We recently came back from a fantastic week in Colorado and I’m excited to share all the details from our trip.
Under normal circumstances, I would’ve never chosen to spend one week in Colorado. Yet, I am glad 2020 forced us down that path. I had seriously underestimated the state, and it proved me wrong.
We got to visit Denver, Vail, Colorado Springs, Georgetown & the one-and-only, Rocky Mountain National Park during our vacation.
The best part from our trip, though, was experiencing nearly all 4 seasons during our stay.
The weather went from a nice early fall breeze to a snowstorm and back up to over 85 degrees Fahrenheit (30 C) in just 7 days! Something very unusual for early September.
Yes, Colorado really outdid itself! And I cannot wait to tell you everything about it!
Where to stay during your one week trip to Colorado
Given the current global health situation, we decided to stay in Denver.
We wanted only one hotel for our entire trip. The idea was to try limiting contact with others, avoiding packing/unpacking and of course sanitizing only one room during our stay.
Is staying in Denver ideal? It depends!
Denver is the capital of Colorado, and has a big city feel. However, it also means that you will have to take day trips if you want to explore the countryside. This translates into renting a car and driving back and forth.
All the destinations we visited are just under 2 hours from the city, but keep in mind that Colorado is huge!
Drives were scenic, but the return trips became a hassle since we were tired after all the hiking and sightseeing.
Also, if you are driving to the mountains, make sure you do not drive back at night. Seriously, don’t do it! We did, and it was one of the scariest experiences of my life.
The alternative will be to spend the night in every town you are visiting. You can make it a loop road trip from Denver for your one week in Colorado.
Where to stay if you decided to base yourself in Denver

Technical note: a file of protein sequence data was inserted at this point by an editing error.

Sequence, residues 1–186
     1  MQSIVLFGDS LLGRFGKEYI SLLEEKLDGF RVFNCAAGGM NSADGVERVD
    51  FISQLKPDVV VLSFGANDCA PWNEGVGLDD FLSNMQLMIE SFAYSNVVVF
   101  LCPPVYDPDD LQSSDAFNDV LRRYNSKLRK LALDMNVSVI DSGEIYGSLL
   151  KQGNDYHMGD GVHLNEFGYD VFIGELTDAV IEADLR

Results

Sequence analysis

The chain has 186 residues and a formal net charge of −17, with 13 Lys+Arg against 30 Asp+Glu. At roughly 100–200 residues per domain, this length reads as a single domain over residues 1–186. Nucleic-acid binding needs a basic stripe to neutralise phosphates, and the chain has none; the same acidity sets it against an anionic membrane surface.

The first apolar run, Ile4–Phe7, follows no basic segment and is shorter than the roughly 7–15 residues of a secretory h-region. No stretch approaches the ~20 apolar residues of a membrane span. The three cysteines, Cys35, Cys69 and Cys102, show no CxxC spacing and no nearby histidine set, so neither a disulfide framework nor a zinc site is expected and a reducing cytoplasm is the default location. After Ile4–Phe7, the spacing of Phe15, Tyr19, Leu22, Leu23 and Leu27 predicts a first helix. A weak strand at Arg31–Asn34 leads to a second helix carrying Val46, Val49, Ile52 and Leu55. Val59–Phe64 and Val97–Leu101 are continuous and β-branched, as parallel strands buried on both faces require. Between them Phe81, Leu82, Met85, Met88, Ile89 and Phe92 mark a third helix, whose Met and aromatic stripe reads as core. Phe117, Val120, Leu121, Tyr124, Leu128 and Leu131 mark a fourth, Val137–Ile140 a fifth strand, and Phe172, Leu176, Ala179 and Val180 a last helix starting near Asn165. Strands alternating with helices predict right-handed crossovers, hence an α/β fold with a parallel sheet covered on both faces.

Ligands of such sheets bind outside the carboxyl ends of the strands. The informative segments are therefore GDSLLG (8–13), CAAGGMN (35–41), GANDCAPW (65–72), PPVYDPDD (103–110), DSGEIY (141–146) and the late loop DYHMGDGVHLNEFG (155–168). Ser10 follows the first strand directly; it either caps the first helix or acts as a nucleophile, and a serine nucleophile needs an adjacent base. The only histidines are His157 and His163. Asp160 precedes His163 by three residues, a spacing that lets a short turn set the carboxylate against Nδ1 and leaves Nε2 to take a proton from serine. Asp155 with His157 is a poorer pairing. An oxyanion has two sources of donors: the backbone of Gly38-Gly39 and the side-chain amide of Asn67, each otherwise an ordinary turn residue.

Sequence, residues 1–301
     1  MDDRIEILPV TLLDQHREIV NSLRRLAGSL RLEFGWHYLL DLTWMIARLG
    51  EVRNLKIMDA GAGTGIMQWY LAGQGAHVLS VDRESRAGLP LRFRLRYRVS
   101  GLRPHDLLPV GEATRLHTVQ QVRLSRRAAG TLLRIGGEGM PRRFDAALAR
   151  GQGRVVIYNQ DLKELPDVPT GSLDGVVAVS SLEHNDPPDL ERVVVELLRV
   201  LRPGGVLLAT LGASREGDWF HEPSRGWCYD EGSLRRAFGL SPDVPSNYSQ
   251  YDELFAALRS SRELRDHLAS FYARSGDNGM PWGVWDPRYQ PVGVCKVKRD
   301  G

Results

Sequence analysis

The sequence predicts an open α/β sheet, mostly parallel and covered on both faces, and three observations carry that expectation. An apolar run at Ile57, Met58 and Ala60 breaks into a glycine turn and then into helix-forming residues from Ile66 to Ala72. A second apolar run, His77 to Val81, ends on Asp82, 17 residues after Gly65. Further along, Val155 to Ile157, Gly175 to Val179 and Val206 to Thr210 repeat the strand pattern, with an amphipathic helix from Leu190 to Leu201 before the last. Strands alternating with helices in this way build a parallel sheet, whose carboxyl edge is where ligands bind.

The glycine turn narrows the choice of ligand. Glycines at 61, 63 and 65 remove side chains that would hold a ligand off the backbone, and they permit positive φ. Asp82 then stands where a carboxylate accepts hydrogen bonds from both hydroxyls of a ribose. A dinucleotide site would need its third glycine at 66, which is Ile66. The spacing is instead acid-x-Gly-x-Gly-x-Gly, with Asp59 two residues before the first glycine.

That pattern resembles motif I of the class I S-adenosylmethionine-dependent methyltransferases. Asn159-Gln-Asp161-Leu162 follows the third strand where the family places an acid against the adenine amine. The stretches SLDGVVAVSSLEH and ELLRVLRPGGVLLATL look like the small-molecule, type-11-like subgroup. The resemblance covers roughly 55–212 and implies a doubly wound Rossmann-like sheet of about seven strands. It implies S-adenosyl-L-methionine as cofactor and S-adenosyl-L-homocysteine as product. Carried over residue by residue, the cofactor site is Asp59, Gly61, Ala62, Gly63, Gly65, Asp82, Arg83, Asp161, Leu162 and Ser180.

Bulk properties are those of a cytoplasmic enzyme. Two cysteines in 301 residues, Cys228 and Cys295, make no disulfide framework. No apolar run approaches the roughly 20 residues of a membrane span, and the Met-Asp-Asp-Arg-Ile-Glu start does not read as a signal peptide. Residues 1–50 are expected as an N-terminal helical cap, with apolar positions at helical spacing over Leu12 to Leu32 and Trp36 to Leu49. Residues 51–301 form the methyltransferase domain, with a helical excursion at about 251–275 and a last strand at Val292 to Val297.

If you just rather stay in one place and take day trips from there, then Denver is the place to be. Specifically, Downtown Denver or the LoTown area. Everything we did in the city was within less than 20 minutes from this area.
We stayed at Le Méridien Denver Downtown by Marriots. The location was ideal, the service was great and the hotel gorgeous, but it is not one I would recommend. There are several other well-known hotel chains in the area.
One week in Colorado: Itinerary Summary
I should start by mentioning that our week in Colorado was a relaxed one.
We allowed time to just sit down and absorb the scenery, rather than running from one destination to the other. We also didn’t wake up super early every day and made sure to take the time to enjoy our meals and just relax.
You can probably cram a lot more in 7 days. And you can absolutely do all this in just 5 days.
If you have less time, combine Days 2 & 5 and postpone exploring Denver until your last day.
- Day 1: Arrived in Denver
- Day 2: Day trip to Vail
- Day 3: Rocky Mountain National Park
- Day 4: Explore Denver
- Day 5: Day Trip to Georgetown
- Day 6: Day Trip to Colorado Springs
- Day 7: More of Denver & flight back home
One week in Colorado: Itinerary Details
Day 1: Arrive in Denver
Our flight arrived in Denver late at night. We really didn’t do much that day, other than picking up our car and driving to our hotel.